Before COVID-19 was even a blip on the horizon, the World Health Organization had declared 2020 the Year of the Nurse and Midwife. This year was chosen because 2020 marks 200 years since the birth of the so-called Mother of Modern Nursing, Florence Nightingale.
But Nightingale is a problematic figure for nursing. There is little doubt of her impact; her innovations in practice and education have contributed to what we now know as the profession of nursing signified by the RN: the registered nurse. Yet, a focus on Nightingale has often obscured or elided tensions within the history of nursing. These are tensions that run along race, class, and gender lines because modern professional nursing in the Nightingale tradition was deliberately developed as a profession for white, middle class women. That history continues to impact who is able to become a nurse today, and how nurses are seen within the healthcare field.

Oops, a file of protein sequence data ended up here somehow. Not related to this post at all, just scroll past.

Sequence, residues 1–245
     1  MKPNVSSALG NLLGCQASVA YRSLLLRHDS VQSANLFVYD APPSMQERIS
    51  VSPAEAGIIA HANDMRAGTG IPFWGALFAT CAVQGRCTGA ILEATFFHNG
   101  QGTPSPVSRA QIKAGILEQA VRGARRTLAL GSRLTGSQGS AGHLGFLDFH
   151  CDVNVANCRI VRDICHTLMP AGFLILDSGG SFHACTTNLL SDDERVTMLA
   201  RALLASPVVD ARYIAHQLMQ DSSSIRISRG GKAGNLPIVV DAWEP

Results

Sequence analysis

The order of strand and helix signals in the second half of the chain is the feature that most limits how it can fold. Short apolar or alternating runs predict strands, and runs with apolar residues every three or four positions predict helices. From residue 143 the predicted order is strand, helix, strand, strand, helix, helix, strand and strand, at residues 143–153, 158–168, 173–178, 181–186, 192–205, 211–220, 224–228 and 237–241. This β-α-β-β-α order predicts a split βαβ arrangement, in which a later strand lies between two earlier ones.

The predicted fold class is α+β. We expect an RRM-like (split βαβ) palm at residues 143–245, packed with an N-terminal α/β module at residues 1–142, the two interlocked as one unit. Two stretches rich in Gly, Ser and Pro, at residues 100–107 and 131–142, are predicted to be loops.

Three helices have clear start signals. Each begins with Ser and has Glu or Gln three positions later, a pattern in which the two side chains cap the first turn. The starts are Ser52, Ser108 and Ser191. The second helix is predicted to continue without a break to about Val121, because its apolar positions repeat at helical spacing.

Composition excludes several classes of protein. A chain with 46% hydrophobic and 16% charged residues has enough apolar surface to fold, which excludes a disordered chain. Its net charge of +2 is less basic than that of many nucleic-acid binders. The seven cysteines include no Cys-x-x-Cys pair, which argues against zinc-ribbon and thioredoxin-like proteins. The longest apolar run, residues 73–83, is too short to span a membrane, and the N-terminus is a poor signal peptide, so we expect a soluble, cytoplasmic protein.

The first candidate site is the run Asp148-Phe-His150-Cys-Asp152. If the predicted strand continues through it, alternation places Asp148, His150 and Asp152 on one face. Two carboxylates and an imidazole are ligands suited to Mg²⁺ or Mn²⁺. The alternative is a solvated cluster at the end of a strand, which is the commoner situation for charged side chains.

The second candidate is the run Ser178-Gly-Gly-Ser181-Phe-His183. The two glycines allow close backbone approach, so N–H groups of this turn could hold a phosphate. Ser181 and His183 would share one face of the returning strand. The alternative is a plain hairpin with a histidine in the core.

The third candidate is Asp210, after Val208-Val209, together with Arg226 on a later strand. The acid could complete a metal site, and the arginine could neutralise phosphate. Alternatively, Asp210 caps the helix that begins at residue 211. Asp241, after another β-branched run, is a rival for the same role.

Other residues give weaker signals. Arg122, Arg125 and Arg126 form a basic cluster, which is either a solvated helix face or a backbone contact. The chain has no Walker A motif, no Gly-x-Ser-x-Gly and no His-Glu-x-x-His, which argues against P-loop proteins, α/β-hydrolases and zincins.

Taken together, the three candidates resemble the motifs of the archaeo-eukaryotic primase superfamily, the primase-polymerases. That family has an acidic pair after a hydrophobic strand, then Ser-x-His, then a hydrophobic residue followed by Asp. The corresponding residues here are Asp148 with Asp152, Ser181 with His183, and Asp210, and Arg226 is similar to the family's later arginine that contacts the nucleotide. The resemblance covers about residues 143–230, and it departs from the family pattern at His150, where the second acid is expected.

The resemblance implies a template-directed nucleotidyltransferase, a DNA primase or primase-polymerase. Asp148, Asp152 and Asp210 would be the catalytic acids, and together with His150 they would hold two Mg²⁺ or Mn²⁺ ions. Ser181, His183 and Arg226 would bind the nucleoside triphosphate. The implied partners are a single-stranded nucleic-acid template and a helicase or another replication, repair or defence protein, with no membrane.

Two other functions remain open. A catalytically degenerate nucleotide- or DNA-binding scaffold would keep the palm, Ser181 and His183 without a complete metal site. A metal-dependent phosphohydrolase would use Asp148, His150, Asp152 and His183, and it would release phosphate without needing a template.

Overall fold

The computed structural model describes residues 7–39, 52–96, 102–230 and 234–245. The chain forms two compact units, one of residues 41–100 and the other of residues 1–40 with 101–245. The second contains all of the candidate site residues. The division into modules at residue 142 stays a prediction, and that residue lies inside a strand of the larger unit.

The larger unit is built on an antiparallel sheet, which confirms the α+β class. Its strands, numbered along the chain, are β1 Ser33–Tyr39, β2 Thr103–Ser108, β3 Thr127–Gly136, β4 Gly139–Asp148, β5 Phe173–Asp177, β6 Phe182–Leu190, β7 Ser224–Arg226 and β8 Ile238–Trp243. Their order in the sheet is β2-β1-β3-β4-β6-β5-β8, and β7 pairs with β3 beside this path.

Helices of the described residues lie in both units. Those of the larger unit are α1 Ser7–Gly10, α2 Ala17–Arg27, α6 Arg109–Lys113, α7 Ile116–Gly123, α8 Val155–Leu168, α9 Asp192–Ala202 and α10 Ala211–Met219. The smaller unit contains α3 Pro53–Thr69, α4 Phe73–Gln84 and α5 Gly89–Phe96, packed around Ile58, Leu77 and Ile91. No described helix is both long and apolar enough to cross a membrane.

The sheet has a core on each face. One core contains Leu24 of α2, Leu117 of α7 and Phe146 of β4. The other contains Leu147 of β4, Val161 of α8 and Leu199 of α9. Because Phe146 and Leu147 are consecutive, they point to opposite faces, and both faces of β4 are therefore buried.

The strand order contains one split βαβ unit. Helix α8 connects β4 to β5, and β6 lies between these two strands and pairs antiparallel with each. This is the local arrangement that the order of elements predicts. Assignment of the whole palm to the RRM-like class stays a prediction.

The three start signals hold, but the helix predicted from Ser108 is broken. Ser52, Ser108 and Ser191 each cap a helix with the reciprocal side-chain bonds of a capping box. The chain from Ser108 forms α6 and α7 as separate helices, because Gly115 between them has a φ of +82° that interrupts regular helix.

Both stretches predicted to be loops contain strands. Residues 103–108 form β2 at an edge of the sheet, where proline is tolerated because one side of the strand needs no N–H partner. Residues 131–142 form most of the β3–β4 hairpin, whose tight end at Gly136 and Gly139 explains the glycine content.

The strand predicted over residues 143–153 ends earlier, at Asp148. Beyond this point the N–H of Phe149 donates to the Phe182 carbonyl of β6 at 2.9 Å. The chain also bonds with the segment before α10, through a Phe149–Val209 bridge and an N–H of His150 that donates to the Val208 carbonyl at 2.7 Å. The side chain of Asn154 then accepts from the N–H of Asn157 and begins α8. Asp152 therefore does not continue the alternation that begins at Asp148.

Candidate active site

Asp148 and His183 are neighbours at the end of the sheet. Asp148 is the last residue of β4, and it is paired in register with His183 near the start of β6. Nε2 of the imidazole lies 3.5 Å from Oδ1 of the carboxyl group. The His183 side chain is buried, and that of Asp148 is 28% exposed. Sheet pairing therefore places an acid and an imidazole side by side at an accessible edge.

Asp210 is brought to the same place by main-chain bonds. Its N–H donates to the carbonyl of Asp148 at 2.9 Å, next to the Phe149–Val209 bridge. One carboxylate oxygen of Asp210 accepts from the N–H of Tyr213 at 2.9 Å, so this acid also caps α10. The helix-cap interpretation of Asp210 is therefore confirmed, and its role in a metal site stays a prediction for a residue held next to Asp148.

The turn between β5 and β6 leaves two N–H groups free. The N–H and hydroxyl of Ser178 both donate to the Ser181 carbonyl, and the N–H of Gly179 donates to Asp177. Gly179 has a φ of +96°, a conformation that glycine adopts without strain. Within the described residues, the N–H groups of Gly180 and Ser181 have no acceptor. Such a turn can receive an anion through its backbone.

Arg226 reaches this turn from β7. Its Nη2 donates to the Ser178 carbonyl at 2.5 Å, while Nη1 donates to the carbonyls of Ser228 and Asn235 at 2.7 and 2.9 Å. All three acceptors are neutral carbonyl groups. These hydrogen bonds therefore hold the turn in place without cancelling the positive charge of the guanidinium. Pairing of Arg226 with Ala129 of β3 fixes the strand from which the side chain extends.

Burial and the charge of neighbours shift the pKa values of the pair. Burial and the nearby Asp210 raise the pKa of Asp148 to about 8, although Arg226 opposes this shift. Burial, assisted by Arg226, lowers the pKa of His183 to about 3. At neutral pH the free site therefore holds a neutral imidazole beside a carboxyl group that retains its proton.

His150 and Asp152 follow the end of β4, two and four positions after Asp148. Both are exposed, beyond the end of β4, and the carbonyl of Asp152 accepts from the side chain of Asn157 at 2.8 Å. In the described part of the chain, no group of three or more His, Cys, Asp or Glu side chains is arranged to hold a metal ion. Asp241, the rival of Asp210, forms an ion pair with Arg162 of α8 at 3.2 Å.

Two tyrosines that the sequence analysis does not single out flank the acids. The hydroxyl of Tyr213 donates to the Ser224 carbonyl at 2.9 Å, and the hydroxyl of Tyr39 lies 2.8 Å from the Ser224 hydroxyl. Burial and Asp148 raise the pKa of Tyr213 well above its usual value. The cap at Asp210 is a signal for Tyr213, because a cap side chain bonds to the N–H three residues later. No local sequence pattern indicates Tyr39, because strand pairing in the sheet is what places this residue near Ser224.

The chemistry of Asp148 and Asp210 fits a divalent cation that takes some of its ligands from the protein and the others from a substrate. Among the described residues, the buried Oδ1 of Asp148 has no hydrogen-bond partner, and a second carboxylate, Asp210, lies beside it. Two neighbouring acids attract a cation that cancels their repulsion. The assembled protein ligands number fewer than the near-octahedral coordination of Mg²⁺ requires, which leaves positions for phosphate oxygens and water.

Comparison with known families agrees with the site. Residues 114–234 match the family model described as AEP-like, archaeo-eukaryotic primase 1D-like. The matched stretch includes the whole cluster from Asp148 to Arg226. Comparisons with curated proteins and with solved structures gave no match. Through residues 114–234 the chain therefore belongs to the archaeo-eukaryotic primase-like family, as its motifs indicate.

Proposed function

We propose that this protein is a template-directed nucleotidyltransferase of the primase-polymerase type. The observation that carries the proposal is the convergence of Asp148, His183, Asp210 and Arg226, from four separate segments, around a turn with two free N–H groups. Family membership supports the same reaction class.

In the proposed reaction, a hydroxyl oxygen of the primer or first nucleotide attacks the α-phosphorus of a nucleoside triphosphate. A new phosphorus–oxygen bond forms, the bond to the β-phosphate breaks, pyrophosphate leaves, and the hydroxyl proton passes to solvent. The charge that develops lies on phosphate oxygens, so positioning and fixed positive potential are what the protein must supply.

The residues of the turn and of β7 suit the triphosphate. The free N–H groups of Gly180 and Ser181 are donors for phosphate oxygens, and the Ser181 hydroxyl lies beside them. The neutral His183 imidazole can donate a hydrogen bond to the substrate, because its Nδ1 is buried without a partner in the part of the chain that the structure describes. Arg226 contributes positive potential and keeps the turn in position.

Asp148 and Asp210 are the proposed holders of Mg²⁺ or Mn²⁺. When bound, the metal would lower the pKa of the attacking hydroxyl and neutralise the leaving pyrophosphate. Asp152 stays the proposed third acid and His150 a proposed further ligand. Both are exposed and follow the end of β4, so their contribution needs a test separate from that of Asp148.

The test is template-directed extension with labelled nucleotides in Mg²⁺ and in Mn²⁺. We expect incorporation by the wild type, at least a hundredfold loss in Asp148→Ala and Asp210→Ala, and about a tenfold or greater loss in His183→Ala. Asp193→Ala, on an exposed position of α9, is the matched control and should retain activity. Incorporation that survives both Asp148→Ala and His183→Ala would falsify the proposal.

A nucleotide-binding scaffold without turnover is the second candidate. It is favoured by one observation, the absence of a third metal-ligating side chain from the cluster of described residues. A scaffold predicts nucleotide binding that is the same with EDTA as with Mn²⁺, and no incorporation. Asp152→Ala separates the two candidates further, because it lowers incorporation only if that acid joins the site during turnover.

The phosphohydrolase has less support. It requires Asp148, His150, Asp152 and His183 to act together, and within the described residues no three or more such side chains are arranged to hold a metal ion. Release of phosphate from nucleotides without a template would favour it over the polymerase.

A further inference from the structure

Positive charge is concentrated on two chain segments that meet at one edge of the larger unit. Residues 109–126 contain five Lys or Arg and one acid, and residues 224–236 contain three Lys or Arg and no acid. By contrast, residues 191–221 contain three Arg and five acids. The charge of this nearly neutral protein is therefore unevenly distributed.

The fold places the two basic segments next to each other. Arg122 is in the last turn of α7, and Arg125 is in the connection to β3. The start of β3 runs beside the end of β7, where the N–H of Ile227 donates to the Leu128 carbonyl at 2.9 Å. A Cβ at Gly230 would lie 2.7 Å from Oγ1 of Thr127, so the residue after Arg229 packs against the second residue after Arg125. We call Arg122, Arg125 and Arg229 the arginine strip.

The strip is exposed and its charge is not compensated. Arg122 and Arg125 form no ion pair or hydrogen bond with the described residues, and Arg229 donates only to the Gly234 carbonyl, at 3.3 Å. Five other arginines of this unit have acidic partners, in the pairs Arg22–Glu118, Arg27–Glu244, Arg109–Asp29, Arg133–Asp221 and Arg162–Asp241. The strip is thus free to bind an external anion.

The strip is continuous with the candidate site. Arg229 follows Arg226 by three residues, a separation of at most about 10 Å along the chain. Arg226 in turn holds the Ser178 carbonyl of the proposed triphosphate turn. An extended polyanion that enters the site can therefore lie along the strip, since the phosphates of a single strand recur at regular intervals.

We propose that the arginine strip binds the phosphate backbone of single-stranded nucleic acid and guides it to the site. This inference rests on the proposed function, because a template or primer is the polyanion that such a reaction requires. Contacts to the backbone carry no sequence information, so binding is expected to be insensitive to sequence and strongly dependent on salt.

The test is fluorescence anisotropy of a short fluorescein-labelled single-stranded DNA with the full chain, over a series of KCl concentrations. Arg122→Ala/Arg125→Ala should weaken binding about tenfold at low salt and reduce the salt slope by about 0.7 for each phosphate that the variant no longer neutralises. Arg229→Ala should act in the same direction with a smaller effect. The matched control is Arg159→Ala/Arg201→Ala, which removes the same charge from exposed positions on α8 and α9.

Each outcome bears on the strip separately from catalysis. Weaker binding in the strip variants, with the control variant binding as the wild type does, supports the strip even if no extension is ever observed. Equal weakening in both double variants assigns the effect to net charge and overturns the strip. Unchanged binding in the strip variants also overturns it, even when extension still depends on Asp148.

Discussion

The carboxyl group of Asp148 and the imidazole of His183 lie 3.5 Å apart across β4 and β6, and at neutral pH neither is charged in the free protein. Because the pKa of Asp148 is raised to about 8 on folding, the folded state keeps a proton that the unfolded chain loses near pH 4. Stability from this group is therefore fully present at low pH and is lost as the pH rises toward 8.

It also impacts how nurses are seen in the history of health care. To focus only on Florence, or to claim her as the most important nurse of all time, hides the contribution of other types of nurses, and nursing care, and it reinforces the white, Anglocentric view of what it means to be a nurse. To be uncritical of her is to reify the colonizing and biopolitical hegemonies of white, western medicine. This is a history, and a discourse, that requires deconstruction.
2020 is also the year that will be remembered for a once-in-a-century event, the COVID-19 pandemic. Many people are drawing historical parallels between this pandemic and the Spanish Flu pandemic of 1918. For once, the history of medicine is front and center in the public discourse as historians write and speak about lessons that could have been learned but were lost because of the unwillingness of our government and policy to engage with history. To some, it may seem that history is irrelevant to the current situation because the science is so different, technology more advanced, the virus newer and more cunning. Historians, of course, understand that the point of history is not to cure a virus or create a vaccine, but to document the policy failures and successes, to make comparisons across the globe, and to bear witness to the experience of those who live and die through such events.